Art Coviello, RSA's executive chairman, confirms that information taken from RSA in March had been used as an element of an attempted broader attack discovered late last month on SecurID customer and defense contractor Lockheed Martin.
David Navetta, an attorney who specializes in IT security and privacy, says the magistrate's recommendation, if accepted by the judge, could set an interesting legal precedent about the security banks are expected to provide for commercial customers.
Revelations that Google's Gmail and Sony Pictures were both targeted by hackers highlights growing concerns about cybersecurity and the sophistication - and frequency - of attacks, as well as how to keep the public informed about such incidents.
What's the top threat on the minds of global IT leaders? Employee-owned mobile devices - or BYOD (bring your own device), as the trend is known. The struggle: Do mobile device benefits outweigh the organizational risks?
The House Subcommittee on Commerce, Manufacturing and Trade heard from Sony and Epsilon about breaches that adversely affected consumer information. Both companies support a national data security and breach notification law.
Organizations looking to improve their privacy management in the event of a breach "have to continually plan and prepare," says Nationwide's Chief Privacy Officer Kirk Herath. That means putting into writing a comprehensive plan.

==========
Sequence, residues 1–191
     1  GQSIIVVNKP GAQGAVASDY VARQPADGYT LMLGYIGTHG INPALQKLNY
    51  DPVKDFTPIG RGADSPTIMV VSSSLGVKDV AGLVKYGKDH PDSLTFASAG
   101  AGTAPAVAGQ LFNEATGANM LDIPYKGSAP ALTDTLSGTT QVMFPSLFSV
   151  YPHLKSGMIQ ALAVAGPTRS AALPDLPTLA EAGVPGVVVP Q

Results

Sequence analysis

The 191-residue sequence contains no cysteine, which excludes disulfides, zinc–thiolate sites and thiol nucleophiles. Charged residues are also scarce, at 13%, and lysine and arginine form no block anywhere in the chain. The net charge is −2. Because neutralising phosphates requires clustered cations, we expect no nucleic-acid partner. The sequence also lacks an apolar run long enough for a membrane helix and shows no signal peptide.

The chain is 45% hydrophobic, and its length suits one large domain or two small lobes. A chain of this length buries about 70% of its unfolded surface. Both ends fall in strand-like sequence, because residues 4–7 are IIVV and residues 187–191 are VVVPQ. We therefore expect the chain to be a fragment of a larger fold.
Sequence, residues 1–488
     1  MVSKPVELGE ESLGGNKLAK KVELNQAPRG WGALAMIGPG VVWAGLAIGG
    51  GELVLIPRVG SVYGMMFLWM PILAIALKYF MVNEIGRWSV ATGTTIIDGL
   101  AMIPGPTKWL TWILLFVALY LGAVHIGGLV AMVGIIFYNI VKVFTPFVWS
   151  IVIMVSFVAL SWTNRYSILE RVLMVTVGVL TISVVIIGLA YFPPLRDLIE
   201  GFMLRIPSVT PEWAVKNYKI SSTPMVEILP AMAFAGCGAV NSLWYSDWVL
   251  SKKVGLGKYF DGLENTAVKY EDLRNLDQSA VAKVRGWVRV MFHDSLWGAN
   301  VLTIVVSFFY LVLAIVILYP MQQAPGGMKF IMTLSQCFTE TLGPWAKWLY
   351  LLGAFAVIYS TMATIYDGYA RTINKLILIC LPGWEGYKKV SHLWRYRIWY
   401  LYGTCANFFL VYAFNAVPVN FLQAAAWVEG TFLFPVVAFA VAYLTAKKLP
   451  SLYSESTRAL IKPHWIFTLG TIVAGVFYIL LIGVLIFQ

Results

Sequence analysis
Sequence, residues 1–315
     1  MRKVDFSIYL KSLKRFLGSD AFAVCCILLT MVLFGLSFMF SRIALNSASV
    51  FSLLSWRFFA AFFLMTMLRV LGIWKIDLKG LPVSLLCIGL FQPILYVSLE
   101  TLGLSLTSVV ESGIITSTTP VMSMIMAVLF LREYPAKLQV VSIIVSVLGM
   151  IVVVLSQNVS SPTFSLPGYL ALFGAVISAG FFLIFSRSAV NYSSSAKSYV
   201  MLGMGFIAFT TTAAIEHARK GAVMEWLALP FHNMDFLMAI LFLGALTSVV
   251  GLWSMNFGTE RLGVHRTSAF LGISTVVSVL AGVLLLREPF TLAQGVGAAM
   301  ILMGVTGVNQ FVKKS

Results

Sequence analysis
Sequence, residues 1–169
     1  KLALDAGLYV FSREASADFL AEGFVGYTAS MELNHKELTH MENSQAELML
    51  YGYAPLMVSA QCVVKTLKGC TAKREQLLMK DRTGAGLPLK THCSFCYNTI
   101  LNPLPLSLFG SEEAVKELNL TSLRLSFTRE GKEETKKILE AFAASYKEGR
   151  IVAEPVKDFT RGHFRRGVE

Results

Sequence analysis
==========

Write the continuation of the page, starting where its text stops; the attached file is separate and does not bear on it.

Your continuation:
Lockheed Martin, the country's largest military contractor, is investigating the root of a "significant and tenacious" attack against its information network. Could this attack be linked to the RSA SecurID hack earlier this year?
The same approach governments and businesses employ to protect individuals from the dangers of secondhand smoke could be applied to safeguard cyberspace, says Scott Charney, Microsoft's vice president of trustworthy computing, engineering excellence and environmental sustainability.
Card-issuing banks struggle to find the balance between consumer satisfaction and protection. And in the wake of the Michaels breach, the financial industry knows it has to make a change. One industry expert says stronger card authentication is the answer, and he favors chip-based or EMV-like solutions.